1. (of air, especially that at high altitudes) of lower pressure than usual; thin.
  2. distant from the lives and concerns of ordinary people.
    “debates about the nature of knowledge can seem very rarefied”

Amsterdammer Fuj presents a mix in conjunction with his new EP release called “Rarefied”. The release on his new label EMBODIMENT features 4 tracks that encompass ominous undertones, strewn across broken beats and hypnotic rhythms.

The multi-dimensional matrix of life and beats. We enter the realm of questions and answers via electronic mail. This was the result.

I heard some of the early pioneers of Drum and Bass in your music, how familiar are you with that era and have they influenced your sound now?

I was exposed to D&B/Jungle quite late around the mid-’90s, coming from a metal background I was heavily into playing the guitar and growing my hair as long as possible! Going to my first raves and seeing Roni Size perform in Sydney triggered my interest in the genre. I was captivated by the pace, energy, and aggression of jungle and breakbeats that seemed synonymous with metal.. somehow I could relate to it during my musical formation. I think the seeds of passion for the music was sewn then, it truly sprouted when I moved to Vancouver, Canada in 1999; I was working in a record shop and setting up raves, exposed to massive amounts of music variety and in that environment, I was influenced by good friends, promoters and producers who came to the shop.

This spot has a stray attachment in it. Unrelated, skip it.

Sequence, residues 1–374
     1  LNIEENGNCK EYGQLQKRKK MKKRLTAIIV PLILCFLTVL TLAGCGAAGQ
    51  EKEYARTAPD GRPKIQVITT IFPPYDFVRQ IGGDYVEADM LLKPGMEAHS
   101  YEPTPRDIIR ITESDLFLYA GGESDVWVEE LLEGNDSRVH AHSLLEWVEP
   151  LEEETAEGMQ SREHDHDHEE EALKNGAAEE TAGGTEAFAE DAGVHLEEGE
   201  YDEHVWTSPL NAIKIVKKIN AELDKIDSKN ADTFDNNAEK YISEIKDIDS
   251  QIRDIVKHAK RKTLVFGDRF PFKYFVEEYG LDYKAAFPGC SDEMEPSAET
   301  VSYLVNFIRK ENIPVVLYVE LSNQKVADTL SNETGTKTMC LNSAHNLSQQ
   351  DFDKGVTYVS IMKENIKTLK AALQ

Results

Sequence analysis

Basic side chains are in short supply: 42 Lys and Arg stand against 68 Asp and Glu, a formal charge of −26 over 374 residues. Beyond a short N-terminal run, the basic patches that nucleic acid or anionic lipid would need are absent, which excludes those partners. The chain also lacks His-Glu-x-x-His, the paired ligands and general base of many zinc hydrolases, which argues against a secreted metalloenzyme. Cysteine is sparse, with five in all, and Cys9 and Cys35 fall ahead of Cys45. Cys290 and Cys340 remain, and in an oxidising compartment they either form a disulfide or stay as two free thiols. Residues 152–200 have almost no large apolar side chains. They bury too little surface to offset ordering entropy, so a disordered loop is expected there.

I don’t consciously draw out the vibes from that era, maybe in an arrangement sense that I do like long thoughtful progressions and the evolving of sound/energy throughout a tune. A lot of modern D&B is arranged ‘fast’ in my opinion, changes within 16 bars or less, shorter tracks, and faster-mixing styles of DJs have all contributed to that feeling for me. It all depends what you make, of course, the world is rushed as it is, let’s take the time for it to sink in deeper I say!

I figured out that the global pandemic had a reverse effect on many producers compared to the majority of the affected global spaces because they had the ability to tap into the darkness and isolation. Has this been the case for you?

Tapping into the darkness and isolation has been the norm for me in any case, I think the feeling of isolation is familiar for most producers who have locked themselves up in studios, communicated and collaborated other than by physical means. Having more time for it has certainly increased my output and finalised projects that have been shelved along the way.

Tell me the concept of Embodiment? Will you showcase and experiment on different genres on your label or it will be strictly Drum & Bass?

Embodiment is primarily an outlet for my Drum & Bass music, explorations into different tempos and genres will be encountered for sure. I’ve recently made tunes in the 140-160bpm realms, if it’s up to standard then it will all be released at some point. I also plan to release sample packs on the platform, I’ve accumulated a lot of created sounds and would like to see others use and transform the audio for their own musical projects.

You are a transient soul. With the many countries, you have lived and visited, are you planning to inject some of those inspirations into future projects?

Living in different countries has influenced the tracks I’ve made, but I don’t purposefully go out to make a tune that draws from those countries/cultures. We are all shaped by our environment and it’s inevitable to be inspired by it somehow, whether it’s distinctly identifiable is the question; I probably do so subconsciously but I have some projects which show direct intent and the inspirations are highly evident.

They are conversations on the lack of diversity in Drum and Bass music. As a worldly man, your presence alone is making a difference ( I believe). Do you think the industry is simply doing a poor job attracting a cross-section of dance patrons from different backgrounds?